To ensure effective and safe participation, a comprehensive agreement on climate change must be considered fair by the countries concerned. The Paris Agreement has moved closer to differentiating countries` responsibilities in the fight against climate change by removing the rigid distinction between developed and developing countries, by providing for “subtle differentiation” of certain subgroups of countries (e.B LDCs) on substantive issues (e.g. B climate change financing) and/or for specific procedures (for example. B calendars and reports). In this article, we analyze whether countries of self-differentiation are compatible with the subtle differentiation of the Paris Agreement in formulating their own climate plans or national contributions (NDC). We find that there is a consistency for mitigation and adaptation, but not for support (climate finance, technology transfer and capacity building). Given that NPNs are the main instrument for achieving the long-term objectives of the Paris Agreement, this inconsistency needs to be addressed so that the next final stages are more ambitious. A dichotomous interpretation of the CBDR-RC led to an international agreement on the Convention and its Kyoto Protocol. Industrialised countries (Annex I) committed to absolute emission reduction or limit targets, while all other countries (excluding Appendix I) did not have such commitments. However, this rigid distinction does not reflect the dynamic diversification between developing countries since 1992, as evidenced by the diversity of contributions to global emissions and economic growth models (Deleuil, 2012). Dubash, 2009).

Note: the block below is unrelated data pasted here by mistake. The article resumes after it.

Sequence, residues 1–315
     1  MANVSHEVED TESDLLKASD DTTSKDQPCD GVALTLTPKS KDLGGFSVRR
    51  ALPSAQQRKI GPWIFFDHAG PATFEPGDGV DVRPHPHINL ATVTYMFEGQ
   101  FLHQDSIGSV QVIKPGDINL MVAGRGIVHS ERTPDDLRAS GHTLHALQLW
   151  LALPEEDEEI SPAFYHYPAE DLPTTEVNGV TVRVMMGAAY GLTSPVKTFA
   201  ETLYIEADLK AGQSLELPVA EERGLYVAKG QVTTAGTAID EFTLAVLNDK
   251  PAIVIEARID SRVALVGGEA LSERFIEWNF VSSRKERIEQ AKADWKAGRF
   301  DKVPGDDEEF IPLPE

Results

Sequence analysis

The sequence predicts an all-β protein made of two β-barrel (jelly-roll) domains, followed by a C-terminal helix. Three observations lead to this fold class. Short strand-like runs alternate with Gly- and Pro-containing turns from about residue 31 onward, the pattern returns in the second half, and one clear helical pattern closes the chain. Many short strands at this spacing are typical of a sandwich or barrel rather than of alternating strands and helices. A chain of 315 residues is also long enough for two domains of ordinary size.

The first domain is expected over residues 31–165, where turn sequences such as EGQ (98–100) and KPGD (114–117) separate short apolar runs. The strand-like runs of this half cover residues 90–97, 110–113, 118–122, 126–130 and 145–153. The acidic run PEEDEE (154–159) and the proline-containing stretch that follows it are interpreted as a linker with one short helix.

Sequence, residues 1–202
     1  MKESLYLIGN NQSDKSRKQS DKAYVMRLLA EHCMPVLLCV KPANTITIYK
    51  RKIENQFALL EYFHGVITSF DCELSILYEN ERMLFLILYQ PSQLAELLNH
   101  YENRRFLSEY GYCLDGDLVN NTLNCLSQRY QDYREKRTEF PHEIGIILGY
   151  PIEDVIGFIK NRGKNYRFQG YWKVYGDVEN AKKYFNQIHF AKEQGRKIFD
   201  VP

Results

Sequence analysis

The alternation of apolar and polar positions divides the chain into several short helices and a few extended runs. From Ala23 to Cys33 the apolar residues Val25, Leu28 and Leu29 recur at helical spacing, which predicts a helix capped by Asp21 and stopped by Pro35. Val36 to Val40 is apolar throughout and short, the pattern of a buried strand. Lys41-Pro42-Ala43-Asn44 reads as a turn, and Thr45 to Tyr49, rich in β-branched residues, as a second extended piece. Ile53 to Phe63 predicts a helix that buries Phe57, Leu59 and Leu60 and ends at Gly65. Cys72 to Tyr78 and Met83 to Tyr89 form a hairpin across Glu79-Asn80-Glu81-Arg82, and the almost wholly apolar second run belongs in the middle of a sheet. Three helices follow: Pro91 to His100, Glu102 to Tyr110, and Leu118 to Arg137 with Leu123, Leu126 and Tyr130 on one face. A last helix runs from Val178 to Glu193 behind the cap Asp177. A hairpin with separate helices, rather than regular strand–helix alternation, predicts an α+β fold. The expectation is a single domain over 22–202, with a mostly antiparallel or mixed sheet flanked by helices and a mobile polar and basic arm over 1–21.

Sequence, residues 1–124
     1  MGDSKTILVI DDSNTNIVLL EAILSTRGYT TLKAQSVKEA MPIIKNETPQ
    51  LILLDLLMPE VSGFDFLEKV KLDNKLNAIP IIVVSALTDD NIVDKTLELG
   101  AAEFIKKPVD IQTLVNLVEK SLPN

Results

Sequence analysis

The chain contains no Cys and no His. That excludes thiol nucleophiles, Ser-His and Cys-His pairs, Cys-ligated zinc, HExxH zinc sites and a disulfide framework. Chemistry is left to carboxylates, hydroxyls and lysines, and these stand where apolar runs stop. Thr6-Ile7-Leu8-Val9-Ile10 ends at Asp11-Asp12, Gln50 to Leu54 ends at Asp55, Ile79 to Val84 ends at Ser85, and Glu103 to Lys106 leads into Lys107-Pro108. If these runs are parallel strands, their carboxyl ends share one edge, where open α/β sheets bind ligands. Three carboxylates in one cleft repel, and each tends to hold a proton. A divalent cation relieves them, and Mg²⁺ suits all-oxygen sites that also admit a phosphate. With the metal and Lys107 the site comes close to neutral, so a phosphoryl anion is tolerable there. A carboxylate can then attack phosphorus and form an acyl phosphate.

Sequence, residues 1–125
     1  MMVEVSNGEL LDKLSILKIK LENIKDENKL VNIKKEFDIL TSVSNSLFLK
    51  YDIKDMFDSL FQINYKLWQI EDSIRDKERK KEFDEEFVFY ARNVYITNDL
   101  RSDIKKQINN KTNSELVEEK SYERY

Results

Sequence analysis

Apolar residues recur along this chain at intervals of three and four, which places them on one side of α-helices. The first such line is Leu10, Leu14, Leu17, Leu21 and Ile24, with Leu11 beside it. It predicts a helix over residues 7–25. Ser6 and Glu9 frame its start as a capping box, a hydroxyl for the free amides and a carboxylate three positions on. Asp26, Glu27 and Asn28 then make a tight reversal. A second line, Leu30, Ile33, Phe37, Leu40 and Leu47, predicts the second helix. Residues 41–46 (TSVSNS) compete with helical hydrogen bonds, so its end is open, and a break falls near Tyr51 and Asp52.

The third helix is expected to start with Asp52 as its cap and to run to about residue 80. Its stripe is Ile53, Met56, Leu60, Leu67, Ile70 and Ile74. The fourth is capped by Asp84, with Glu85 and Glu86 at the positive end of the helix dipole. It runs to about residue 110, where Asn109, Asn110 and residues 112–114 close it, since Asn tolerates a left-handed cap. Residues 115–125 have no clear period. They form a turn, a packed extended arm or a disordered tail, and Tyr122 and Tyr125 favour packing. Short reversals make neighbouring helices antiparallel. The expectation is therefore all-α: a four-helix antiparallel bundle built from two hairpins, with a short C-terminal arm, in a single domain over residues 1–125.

This led Depledge and Yamin (2009, 443) to refer to UnFCCC Schedule I/non-Annex I as the dichotomy and “greatest weakness of the regime.” Compared to the UNFCCC, the Kyoto Protocol and even the Copenhagen agreement, the subtle differentiation of the 2015 Paris Agreement is much more pronounced (see Table 2 in the additional online material). There are 19 cases of subtle differentiation from country by-products, some substantive issues or procedures (see Table 1).